Recently, the following controversy over the views of an editorial writer (Alex Knepper) for American University’s student newspaper was brought to my attention. You can click here for the original column.
I read both pieces and at first was simultaneously dumbstruck and not completely unsympathetic. But because I often feel I cannot fully grasp sexual assault and rape because I've never experienced either, I almost decided not to respond.
Because when I sat down to write I thought, “What could I possibly lend to this topic? I am one of the lucky ones.”
And then I thought very critically about that sentiment.
I consider myself lucky because I have never been sexually assaulted or raped. In considering myself lucky, that necessarily points to an idea that rape and sexual assault are so normal, so routine and such a common occurrence that if I haven’t experienced it, I am amongst a charmed few to escape something that is so pervasive it has become normalized.
Although I am one of folks who sees the sexualized world we live in through a slightly more nuanced lens than others, I am still a part of the culture which I so carefully critique. When I use the word lucky to describe the fact that I’ve never been raped or sexually assaulted, I am contributing to a cultural consciousness that is permissive of rape because I am essentially saying that rape is something that is destined to happen.
Because I believe in a world where that someday isn't true, and because I know that my silence is just as permissive as using the word ‘lucky,’ I realized that I perhaps can contribute to this conversation by, at the very least, critically looking at Alex Knepper's argument.
To begin, and perhaps controversially so, Alex Knepper’s opinion piece does not make me feel that he is pro-rape.
He is in my opinion, however, deeply entrenched in and a contributor to rape-permissive culture.
Although I feel that he expressed himself in possibly the douchiest way available* (not to mention I think his ideas about feminism are antiquated, his notions about the gendered nature of sexual passion are narrow, and he is misguided if he thinks that rape and hate violence against gays aren’t interconnected…), I don’t think that his sentiment is wrong.
What Alex Knepper was trying to say, if I’ve got the story straight, is that there is a level of personal responsibility that, as adults, we need to keep in mind when we’re engaging in any activity.
In his specific example, if you go to a party and get blasted, there is always a chance that you’re going to make a bad decision and bang someone you shouldn’t have banged. In which case, you shouldn’t go crying rape afterward just because you regret it. I totally agree.
(This is COMPLETELY different than if you go to a party, get blasted, and someone forces you to have sex. Then, of course, it is well within the purview of rape, and you should definitely report it, in my opinion.)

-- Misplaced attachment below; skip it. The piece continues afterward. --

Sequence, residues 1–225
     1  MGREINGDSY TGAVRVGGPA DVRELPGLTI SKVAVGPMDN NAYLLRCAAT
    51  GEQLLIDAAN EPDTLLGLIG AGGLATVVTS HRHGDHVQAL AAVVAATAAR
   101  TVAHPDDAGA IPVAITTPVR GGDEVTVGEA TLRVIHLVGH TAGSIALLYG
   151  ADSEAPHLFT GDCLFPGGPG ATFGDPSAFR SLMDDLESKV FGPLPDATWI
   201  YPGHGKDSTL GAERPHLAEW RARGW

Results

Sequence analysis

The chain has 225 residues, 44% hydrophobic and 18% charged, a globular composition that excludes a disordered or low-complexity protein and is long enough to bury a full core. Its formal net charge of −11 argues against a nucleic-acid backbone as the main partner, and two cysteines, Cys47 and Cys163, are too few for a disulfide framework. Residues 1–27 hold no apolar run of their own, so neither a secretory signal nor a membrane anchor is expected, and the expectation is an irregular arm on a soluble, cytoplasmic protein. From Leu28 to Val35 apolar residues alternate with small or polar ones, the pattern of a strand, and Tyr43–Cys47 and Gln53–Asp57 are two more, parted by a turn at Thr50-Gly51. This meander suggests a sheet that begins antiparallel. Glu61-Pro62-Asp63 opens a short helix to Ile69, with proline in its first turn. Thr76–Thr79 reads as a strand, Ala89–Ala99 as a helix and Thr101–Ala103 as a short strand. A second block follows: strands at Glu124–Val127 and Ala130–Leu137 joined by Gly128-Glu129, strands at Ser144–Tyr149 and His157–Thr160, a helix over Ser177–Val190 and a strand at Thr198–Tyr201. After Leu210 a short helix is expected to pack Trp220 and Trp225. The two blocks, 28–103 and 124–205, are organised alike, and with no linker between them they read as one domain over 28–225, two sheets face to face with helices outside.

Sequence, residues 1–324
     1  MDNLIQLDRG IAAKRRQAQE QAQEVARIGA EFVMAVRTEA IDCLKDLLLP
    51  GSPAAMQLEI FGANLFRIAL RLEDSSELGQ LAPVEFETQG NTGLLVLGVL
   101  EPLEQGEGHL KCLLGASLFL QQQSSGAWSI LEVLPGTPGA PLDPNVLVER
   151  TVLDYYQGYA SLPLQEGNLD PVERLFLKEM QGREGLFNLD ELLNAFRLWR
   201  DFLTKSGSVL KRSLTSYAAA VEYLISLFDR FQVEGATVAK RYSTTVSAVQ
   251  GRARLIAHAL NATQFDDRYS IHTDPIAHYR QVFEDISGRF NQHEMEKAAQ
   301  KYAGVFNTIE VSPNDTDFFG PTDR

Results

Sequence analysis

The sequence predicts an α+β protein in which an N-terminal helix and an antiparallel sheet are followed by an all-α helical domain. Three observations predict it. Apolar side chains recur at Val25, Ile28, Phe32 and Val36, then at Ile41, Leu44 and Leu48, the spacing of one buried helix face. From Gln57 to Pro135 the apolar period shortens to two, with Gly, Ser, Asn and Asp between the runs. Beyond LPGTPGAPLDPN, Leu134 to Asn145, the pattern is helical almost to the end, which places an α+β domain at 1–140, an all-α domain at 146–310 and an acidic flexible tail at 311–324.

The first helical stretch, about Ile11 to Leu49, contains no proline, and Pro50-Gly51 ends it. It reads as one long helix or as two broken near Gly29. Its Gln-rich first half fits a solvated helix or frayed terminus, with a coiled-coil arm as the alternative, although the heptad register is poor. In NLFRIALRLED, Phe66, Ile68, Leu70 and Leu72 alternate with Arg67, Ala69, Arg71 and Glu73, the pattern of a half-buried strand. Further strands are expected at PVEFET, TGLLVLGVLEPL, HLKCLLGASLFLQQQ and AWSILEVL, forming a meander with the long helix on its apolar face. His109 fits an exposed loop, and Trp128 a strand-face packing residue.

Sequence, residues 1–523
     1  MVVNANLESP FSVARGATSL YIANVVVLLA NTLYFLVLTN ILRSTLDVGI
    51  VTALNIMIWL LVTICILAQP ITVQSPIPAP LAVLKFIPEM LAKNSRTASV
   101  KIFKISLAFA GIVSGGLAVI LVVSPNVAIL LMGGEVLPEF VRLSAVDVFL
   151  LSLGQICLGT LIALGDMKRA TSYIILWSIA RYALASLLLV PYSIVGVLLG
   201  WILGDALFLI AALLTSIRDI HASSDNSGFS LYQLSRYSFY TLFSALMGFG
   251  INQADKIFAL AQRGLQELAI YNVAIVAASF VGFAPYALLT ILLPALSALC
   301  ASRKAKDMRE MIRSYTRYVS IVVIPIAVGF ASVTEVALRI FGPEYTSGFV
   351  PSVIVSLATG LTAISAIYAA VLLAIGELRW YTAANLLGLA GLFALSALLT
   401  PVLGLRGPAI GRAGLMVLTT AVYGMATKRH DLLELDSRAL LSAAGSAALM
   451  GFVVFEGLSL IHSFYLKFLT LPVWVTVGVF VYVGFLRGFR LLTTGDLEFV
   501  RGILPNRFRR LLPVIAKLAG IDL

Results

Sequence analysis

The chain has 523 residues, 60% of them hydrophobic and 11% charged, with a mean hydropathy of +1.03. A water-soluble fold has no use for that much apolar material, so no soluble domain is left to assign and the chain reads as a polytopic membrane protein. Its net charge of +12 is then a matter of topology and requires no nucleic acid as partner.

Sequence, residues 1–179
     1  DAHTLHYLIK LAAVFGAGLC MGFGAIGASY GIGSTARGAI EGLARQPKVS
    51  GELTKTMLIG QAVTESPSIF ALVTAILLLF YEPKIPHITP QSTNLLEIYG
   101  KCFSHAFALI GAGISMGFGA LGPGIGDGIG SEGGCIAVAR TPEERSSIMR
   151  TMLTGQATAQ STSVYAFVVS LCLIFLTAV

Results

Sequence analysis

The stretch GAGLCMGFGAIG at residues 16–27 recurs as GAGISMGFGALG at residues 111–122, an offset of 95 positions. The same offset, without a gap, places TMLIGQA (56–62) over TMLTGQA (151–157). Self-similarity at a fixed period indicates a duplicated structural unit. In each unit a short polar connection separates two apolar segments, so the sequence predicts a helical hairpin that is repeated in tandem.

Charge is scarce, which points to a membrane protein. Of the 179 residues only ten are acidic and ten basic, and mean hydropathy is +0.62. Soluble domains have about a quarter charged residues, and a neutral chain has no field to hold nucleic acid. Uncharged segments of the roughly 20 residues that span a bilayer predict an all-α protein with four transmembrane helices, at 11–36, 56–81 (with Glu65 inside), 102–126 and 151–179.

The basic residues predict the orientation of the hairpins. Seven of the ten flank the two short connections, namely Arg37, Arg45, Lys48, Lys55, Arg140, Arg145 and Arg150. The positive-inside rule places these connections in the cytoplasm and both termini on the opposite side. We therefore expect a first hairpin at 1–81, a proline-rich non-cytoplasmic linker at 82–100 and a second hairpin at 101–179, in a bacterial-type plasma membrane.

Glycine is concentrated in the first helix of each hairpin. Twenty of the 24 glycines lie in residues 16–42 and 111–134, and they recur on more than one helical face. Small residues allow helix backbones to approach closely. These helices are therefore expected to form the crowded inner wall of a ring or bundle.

However, where Alex Knepper fails, and where he will continue to fail in his argument, is that he only seems to put personal responsibility on one party. He basically says that if you’re a lady, and you have hella drinks, and you go to someone’s room, you’re giving them the hint that you want to have sex. If they end up banging you and you regret it, sucks for you, because the responsibility is all on you.
But as the cliché statement says … it takes two to tango … so where is male responsibility? He says that as adults, there are certain responsibilities that we all need to keep in mind. So where was the part where he reminds guys that there may be all these ladies drinking it up and when they’ve got 5 drinks in them, no matter how much it may seem like they want to bang you, there is a good ass chance that they don’t. That it’s the alcohol talking and not them. So if a lady goes back to your room, maybe instead of trying to bang her right there and then, as an adult, it’s your responsibility to be like, “I’m cool, let’s bang when you’re sober.**”
Where was it?
It wasn’t there. Why? Because Alex Knepper, younger than me though he may be, has grown up in the same rape permissive culture I have. He has grown up in a culture where we tell women and girls, “Don’t go out alone at night, don’t wear certain clothes, don’t get too drunk at parties, and say ‘No’ when you don’t want sex. Rapes are probably going to happen, but you can maybe avoid them if you follow these rules.”
Although I personally chafe when I hear some of those messages because they feel a little bit like victim blaming, they are nonetheless, not bad messages. Although I might teach them a little differently (the word “don’t” is not often an inspiring teaching tool), these messages teach the responsibility piece that Alex Knepper is talking about.
The issue is that this is an unbalanced message. We don’t teach personal responsibility to would-be perpetrators.
We don’t teach boys, “Don’t drink too much, don’t sleep with drunk girls, don’t assume that because she hasn’t said no that she means yes, and just because you can see her cooch hanging out the bottom of her skirt, doesn’t mean she wants you to put your dick in it. Keep these things in mind, and rape might not happen at all.”